Accountability of Police

Each job has distinct requirements and obligations. For instance, because it involves law enforcement, a police position requires higher ethical and responsibility standards. According to the law, police officers must behave honorably, with respect for others, and with integrity in order to protect the public. (Macleod & Schneiderman, 2008). Therefore, compared to other professionals, police should be held to a greater standard.

In addition, the police's main goal is to deter crime and unrest. In accordance with Peel's policing principles, officers should be responsible for their work and assume the burden of fostering law and order in society to reduce crime. (William, 2014). Usually, law enforcement requires a lot of accountability to ensure that specific individuals are not favored hence, enhance public confidence in police service.

Similarly, police have extraordinary powers such as authority to detain, arrest and suspend personal property. It requires a high level of accountability to ensure that the police do not violate the powers given by the state (Denise, 2017). Police are expected to be trustful and honest to make sure that their duty performance is not based on favor.

Furthermore, police duty performance is dependent upon public approval. Police have a responsibility to serve the general public and act as a role model (Wankhade & Weir, 2015). In fact, the police service board of accountability has been instituted to monitor and evaluate the performance of the police officers to ensure citizen's needs are met (Macleod & Schneiderman, 2008).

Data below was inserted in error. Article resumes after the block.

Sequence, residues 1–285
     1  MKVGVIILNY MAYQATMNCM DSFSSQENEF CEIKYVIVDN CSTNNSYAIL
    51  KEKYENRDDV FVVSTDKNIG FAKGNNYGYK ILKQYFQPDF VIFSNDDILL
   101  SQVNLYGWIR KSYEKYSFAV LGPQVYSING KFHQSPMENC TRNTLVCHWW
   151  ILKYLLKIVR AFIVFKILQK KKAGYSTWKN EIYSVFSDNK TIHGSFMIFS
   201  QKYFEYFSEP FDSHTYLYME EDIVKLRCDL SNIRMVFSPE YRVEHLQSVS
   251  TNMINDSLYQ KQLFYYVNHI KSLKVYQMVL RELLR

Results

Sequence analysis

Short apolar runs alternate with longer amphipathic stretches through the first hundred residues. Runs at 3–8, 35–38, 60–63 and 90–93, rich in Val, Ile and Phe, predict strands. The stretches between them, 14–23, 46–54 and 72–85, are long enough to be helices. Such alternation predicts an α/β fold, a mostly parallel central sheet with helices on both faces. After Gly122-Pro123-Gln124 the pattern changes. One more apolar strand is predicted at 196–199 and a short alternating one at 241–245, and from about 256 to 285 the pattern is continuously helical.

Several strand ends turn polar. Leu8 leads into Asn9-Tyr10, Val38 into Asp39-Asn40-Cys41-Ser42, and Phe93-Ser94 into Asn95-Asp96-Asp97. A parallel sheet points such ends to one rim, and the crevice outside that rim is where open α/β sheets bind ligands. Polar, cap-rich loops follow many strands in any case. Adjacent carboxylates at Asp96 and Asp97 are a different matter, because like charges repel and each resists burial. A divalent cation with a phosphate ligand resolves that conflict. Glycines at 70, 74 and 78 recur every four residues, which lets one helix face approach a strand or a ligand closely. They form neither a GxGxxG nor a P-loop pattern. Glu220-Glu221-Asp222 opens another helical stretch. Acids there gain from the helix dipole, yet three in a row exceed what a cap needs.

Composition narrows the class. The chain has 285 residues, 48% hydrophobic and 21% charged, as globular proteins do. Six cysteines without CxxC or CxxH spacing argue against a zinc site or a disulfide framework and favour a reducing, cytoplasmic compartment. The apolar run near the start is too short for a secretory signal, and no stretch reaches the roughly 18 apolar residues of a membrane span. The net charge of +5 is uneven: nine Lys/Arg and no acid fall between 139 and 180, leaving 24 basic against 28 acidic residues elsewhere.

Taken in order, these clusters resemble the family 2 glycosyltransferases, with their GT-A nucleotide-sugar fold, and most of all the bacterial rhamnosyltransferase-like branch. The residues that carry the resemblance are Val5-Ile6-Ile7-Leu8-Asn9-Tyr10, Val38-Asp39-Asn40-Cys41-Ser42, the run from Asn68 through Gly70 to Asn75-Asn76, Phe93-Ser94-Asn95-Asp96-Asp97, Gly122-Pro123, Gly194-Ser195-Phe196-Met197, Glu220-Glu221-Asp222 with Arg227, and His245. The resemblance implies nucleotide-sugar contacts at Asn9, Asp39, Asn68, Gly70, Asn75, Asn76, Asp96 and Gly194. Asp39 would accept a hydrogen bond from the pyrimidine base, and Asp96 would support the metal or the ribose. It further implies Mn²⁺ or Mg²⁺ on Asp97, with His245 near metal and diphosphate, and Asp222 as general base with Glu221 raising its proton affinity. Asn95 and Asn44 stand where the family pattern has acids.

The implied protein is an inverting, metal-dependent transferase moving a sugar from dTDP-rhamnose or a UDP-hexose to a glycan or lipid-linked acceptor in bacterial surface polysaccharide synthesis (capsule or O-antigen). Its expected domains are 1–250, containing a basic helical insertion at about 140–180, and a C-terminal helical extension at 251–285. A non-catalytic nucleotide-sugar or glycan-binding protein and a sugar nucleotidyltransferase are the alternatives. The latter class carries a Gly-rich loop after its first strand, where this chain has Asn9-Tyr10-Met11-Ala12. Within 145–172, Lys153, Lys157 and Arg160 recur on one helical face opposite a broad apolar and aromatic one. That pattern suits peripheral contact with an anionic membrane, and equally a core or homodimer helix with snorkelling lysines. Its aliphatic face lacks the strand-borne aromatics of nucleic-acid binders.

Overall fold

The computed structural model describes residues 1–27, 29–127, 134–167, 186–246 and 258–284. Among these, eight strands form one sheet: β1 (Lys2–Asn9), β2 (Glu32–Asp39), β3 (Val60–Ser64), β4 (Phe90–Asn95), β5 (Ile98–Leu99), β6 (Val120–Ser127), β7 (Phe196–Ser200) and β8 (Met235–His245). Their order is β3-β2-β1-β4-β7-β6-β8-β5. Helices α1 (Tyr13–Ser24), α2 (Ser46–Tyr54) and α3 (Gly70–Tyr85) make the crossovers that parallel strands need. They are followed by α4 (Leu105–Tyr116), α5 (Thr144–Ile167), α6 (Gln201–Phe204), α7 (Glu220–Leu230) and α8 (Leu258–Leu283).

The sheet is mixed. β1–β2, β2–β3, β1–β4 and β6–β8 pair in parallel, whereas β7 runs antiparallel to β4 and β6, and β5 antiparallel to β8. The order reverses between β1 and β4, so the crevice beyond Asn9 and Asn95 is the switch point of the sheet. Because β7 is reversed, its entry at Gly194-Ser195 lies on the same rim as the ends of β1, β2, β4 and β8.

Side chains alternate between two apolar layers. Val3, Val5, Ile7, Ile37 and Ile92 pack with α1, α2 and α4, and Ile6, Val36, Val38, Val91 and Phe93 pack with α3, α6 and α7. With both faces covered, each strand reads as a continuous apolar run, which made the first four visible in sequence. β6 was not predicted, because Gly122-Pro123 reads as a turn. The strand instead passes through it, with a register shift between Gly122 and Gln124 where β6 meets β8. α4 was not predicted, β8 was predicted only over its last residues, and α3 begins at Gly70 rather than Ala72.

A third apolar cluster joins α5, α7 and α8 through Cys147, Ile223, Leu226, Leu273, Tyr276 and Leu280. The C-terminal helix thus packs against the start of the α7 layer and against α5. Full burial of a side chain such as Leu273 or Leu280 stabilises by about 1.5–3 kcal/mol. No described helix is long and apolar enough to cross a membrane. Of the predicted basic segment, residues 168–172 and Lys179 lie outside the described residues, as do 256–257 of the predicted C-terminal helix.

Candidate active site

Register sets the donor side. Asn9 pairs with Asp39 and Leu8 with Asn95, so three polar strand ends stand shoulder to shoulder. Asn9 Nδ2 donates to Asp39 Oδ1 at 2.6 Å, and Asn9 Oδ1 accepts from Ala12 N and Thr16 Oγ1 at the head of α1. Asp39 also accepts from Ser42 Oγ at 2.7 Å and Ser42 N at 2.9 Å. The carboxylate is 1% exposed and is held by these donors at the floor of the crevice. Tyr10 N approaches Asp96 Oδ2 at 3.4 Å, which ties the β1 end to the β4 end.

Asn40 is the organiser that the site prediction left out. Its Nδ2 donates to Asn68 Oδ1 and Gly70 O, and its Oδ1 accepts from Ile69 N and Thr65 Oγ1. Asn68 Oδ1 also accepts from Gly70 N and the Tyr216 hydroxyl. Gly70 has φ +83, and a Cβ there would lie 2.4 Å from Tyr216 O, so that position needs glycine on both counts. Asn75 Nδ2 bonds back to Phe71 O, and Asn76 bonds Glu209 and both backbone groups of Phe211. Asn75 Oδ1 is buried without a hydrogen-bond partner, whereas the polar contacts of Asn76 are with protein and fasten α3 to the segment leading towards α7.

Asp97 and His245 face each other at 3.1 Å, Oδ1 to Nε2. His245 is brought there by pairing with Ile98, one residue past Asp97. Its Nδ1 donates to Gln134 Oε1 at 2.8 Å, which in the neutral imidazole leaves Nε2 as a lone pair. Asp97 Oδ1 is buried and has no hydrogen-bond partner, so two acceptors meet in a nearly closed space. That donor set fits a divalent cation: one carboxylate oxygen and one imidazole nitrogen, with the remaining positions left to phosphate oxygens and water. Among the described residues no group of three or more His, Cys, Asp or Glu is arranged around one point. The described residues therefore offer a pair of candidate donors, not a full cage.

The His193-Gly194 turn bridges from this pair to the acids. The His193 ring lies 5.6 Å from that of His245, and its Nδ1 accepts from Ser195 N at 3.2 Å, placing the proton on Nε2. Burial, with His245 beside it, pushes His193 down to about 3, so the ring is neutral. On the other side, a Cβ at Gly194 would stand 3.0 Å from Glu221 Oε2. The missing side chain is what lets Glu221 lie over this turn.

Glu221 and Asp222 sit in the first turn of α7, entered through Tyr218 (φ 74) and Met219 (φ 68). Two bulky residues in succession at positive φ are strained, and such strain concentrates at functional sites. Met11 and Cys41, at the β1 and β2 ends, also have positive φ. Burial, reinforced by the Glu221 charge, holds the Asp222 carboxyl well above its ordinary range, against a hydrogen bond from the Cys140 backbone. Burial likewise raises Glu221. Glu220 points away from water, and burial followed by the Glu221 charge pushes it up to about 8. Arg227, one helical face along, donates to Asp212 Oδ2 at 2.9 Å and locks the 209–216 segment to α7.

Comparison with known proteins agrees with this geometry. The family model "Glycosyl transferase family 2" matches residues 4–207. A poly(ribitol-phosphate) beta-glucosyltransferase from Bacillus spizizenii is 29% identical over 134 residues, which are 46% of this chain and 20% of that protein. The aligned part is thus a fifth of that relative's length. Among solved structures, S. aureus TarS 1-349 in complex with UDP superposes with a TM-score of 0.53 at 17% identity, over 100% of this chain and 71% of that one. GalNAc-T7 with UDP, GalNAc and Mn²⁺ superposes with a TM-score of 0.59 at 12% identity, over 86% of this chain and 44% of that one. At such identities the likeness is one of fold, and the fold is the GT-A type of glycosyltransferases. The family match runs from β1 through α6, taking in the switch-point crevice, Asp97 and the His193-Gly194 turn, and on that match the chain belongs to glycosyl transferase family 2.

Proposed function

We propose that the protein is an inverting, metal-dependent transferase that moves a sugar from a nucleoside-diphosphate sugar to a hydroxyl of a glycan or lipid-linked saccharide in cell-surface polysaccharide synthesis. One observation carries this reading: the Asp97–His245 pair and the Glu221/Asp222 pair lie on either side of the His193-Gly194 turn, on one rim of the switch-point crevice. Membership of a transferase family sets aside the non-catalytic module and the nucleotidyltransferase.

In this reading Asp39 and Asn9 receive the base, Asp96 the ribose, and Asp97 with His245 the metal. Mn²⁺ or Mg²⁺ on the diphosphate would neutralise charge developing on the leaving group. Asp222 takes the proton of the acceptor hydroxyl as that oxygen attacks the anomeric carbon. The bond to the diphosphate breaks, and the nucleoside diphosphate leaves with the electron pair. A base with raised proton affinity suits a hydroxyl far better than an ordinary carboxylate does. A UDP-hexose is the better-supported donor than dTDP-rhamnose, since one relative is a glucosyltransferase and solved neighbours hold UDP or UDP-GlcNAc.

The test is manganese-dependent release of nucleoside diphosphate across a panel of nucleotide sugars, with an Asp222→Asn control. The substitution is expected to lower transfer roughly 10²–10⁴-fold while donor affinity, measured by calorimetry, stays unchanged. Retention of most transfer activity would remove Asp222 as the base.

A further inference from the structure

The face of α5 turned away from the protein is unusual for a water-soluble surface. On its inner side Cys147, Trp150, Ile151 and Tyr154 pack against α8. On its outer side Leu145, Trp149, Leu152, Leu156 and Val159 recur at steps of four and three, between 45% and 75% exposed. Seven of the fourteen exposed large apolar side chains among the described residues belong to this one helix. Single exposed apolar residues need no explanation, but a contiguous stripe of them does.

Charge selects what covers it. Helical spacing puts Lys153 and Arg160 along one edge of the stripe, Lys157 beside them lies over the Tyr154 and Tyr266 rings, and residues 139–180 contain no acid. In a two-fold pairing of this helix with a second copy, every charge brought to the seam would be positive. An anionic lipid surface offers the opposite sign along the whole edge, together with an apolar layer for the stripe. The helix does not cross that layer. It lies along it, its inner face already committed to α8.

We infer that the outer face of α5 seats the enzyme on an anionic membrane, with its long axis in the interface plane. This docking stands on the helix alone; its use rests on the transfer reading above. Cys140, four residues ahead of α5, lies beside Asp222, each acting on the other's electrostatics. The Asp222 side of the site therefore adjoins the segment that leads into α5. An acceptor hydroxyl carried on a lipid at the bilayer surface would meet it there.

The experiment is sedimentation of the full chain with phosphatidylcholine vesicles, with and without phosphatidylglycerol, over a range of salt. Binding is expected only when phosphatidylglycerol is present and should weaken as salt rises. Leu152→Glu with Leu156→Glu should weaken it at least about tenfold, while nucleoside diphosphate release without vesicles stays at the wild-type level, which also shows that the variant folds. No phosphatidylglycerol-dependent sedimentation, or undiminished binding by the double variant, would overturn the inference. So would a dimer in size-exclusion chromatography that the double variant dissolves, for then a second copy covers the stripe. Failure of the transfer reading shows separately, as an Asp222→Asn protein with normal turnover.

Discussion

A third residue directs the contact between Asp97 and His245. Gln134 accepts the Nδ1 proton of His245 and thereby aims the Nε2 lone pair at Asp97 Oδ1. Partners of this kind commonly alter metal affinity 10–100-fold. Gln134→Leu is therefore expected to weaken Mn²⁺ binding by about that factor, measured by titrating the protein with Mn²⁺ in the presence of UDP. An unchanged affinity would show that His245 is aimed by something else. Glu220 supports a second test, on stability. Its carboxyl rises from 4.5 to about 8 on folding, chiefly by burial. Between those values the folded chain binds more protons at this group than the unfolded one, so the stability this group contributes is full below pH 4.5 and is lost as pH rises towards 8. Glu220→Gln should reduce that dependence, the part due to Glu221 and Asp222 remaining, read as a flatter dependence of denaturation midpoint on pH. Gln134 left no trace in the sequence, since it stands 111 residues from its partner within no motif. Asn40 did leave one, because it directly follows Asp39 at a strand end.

To sum up, police officers should be held to a higher standard since they deal with the public in enhancing law and order (Sewell, 2010). Also, they should be accountable since the Judiciary gives them a lot of powers as compared to other professions. Finally, public trust depends on their performance hence police should act as role models.


Denise, B. (2017). For Canada's police, status quo is not an option. Retrieved from

Macleod, R.C., & Schneiderman, D. (2008). Police Powers in Canada: The evolution and practice of authority. Toronto: Published in association with the Centre for Constitutional Studies, University of Alberta, by University of Toronto Press.

Sewell, J. (2010). Police in Canada: The real story. Toronto: J. Lorimer & Co.

Wankhade, P., & Weir, D. (2015). Police Services: Leadership and Management Perspectives. Cham: Springer International Publishing.

William, J.B. (2014). Sir Robert Peel's Nine Principles of Policing. Retrieved from

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